In a new study, researchers found women who reach menopause before the age of 50 have an increased risk of heart disease.

The results showed early menopause puts women at greater risk of suffering a non-fatal cardiac event like heart attack, angina or stroke.

The research was conducted by a team from The University of Queensland.

Past studies have found an association between early menopause and fatal cardiovascular events.

The relationship with non-fatal cardiovascular events was unclear until now.

In the study, the team gathered data from more than 300,000 women in 15 studies around the world using the collaborative databank, InterLACE.

They found women under 40 who experience premature menopause were nearly twice as likely to have a non-fatal cardiovascular event before the age of 60.

This is compared to women who reach menopause between the ages of 50 or 51, during what is considered the standard developmental period.

Women who were aged between 40 and 44 in menopause were 40% more likely to suffer from a heart health condition.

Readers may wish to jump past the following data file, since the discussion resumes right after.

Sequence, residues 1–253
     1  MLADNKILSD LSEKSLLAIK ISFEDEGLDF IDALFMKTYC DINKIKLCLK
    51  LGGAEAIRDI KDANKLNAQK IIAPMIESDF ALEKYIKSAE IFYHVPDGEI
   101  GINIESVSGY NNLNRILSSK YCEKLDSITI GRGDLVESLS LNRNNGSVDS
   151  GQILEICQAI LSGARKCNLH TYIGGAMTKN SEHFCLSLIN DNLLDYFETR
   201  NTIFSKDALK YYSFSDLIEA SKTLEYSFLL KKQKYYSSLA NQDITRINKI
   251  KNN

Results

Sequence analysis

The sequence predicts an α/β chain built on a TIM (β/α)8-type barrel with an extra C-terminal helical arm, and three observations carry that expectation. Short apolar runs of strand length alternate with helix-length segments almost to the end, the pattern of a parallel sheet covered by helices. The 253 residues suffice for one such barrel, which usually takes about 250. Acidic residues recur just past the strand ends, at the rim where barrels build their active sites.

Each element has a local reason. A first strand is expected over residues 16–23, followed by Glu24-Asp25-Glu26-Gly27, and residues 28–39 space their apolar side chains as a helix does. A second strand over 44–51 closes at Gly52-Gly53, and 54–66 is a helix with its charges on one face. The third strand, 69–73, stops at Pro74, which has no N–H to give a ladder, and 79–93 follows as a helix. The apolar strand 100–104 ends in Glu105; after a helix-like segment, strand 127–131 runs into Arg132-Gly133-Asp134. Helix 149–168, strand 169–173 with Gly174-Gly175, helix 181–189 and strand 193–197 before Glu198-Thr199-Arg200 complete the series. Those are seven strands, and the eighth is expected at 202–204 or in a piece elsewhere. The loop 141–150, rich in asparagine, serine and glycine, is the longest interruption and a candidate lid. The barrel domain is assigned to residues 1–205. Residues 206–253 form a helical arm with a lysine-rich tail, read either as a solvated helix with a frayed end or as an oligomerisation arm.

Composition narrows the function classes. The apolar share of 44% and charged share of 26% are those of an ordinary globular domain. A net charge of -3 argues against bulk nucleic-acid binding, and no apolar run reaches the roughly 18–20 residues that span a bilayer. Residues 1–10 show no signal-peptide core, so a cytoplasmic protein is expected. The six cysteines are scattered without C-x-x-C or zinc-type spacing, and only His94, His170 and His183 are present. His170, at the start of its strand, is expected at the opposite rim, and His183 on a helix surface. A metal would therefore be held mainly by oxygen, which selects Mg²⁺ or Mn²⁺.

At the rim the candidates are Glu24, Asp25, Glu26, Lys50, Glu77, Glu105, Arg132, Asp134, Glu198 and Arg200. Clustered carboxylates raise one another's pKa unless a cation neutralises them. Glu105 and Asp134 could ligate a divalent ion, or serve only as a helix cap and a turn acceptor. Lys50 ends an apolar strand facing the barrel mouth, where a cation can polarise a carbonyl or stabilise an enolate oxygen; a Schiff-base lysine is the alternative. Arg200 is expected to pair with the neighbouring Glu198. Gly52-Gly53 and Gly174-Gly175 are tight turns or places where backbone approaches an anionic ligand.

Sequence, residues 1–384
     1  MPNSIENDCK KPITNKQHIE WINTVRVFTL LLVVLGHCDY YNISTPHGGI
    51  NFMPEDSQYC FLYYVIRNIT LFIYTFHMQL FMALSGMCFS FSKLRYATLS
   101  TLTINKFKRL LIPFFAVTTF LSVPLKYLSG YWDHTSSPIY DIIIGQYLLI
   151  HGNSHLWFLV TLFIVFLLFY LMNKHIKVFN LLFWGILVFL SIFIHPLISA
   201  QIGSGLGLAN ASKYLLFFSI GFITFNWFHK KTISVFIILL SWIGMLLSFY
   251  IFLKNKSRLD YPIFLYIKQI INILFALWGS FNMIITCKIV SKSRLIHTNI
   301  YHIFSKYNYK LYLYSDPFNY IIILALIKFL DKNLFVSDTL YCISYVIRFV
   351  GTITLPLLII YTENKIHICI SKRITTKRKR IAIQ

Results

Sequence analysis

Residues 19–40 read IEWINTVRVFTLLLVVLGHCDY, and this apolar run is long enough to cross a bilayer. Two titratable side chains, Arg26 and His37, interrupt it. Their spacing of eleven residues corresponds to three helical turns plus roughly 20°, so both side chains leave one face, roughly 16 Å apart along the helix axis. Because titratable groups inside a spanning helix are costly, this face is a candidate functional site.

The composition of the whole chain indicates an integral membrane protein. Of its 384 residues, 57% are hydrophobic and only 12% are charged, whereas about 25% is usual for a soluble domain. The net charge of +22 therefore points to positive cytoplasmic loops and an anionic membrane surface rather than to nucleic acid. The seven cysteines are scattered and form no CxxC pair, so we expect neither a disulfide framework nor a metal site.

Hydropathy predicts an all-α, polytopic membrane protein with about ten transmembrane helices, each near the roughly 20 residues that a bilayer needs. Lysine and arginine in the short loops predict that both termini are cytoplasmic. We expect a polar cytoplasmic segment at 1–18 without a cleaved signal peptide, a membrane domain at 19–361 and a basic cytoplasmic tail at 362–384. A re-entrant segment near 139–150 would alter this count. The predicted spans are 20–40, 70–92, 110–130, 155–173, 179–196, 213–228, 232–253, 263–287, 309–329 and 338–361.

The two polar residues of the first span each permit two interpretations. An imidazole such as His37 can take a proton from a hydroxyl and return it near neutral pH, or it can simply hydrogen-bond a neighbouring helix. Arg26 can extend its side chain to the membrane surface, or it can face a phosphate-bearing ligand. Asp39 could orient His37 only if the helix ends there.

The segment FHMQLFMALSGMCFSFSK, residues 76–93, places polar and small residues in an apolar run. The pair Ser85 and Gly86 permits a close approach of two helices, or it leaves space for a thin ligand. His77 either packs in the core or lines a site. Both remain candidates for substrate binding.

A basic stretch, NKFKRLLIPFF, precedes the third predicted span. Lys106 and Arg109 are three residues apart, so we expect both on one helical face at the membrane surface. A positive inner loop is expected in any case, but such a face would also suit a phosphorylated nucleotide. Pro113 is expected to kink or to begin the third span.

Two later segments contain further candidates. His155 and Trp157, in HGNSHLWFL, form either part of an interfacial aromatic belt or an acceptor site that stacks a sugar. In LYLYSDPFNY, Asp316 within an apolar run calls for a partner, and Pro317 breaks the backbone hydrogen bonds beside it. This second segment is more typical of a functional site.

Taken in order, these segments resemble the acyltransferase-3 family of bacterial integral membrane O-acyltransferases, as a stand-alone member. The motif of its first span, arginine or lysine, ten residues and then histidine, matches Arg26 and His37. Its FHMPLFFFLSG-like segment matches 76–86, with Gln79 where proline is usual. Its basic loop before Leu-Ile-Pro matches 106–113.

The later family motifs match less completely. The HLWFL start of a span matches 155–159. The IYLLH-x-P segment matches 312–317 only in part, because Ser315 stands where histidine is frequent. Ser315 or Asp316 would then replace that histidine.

Smoking, being overweight or obese and having lower education levels can also strengthen the link between early menopause and a woman’s risk of heart disease.

The team says it is important to identify women with early menopause. This offers a window of opportunity for their doctors to work with them to monitor and actively manage cardiovascular disease risk factors.

Early clinical diagnosis will help to improve heart health in these women’s postmenopausal years.

One author of the study is the School of Public Health Professor Gita Mishra.

The study is published in The Lancet Public Health.

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Curt Warner - Editor NMA
Submitted by: Curt Warner - Editor NMA